San Diego jury awards $300K in workplace religious discrimination suit
It should go without saying, in the year 2019, that supervisors should not push their religious beliefs on subordinates in the workplace. Instead, by every statistical measure, workplace religious harassment and discrimination remains a significant problem. Too many workers are victimized by an impossible choice: give in to the boss’s religious overtures or face some form of retaliation.
A federal jury spoke loudly and clearly against such behavior earlier this year, issuing a verdict requiring the City of San Diego to pay $300,000.00 to Rasean Johnson, a city employee who faced continued religious harassment and proselytization at the hands of his supervisor, Sheila Beale.
After obtaining court documents, NBC San Diego describes the behavior that led to the verdict in an investigative report:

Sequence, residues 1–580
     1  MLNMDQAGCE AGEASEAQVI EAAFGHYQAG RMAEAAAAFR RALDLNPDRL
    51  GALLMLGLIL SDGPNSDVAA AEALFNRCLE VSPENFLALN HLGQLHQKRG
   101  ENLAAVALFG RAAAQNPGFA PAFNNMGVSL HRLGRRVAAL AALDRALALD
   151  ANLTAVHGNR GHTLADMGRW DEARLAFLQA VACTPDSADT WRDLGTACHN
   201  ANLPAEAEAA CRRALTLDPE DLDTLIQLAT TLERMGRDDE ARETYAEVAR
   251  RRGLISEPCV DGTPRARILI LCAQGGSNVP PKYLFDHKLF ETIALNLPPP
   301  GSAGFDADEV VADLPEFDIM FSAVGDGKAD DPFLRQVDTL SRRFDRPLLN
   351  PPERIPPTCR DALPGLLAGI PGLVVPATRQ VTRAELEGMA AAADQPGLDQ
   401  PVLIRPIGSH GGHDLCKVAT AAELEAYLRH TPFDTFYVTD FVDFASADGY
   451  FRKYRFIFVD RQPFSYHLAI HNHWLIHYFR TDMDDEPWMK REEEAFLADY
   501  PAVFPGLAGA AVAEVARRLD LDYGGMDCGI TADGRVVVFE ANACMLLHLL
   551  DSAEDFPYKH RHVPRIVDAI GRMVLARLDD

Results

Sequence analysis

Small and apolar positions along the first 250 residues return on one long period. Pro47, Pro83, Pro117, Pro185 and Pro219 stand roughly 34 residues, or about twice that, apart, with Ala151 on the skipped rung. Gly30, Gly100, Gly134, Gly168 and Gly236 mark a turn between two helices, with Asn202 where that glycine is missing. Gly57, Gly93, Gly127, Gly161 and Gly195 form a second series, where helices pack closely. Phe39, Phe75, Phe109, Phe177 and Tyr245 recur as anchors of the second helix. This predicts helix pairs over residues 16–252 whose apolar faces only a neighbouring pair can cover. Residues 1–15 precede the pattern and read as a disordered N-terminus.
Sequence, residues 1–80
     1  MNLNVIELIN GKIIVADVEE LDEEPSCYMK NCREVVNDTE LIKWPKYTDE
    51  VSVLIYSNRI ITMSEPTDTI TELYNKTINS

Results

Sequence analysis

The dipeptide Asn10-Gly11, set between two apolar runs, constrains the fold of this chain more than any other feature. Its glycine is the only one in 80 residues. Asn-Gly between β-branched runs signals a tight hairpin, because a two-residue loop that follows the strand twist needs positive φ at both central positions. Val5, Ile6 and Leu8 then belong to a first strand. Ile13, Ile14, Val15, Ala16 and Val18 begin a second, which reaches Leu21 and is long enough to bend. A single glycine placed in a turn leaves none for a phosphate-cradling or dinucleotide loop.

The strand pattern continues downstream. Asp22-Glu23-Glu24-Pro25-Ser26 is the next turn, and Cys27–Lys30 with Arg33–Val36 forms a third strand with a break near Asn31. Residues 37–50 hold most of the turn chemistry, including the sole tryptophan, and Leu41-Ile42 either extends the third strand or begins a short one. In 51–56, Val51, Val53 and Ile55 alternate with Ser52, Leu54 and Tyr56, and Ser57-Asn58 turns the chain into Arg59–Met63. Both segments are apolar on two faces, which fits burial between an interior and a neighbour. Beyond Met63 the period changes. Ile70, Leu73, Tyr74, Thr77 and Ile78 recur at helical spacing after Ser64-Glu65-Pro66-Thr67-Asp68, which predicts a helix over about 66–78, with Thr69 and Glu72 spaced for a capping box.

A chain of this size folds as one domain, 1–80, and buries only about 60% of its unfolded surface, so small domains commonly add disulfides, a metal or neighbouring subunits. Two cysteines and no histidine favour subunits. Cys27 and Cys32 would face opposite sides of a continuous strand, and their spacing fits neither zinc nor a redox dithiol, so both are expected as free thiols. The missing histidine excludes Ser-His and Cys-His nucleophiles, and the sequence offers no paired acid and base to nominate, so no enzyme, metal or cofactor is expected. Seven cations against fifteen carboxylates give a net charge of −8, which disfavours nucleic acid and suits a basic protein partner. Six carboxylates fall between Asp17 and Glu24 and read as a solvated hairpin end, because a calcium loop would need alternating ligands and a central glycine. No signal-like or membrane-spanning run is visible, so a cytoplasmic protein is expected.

In his complaint, Johnson alleged Beale began leading “prayer sessions” in her new role as Deputy Director and urged her employees to attend church.
During a subsequent performance review, Beale allegedly cautioned Johnson that he should start reading his bible, adding, “even good people go to hell if they don’t give their life to the work of God.”
Beale, allegedly, went so far as to instruct other employees not to follow Johnson’s orders “because he was a non-believer.
If you are looking for a model of inappropriate boss behavior when it comes to religion, look no further than the court documents in this case. The Deputy Director here Informed Johnson that he is “not a child of God” because of his views, led prayer sessions in the workplace and invited employees to church regularly, used a performance review as the occasion to urge employees to read the Bible, and most remarkably, undermined Johnson’s supervisory role by telling his subordinates “not to follow [his] orders ‘because he was a non-believer.’”
Workplace religious harassment is bad for both the workplace and for religion, which is done no favors by coercion, whether subtle or not-so-subtle. It’s also against the law. It’s long past time for employers to get the message.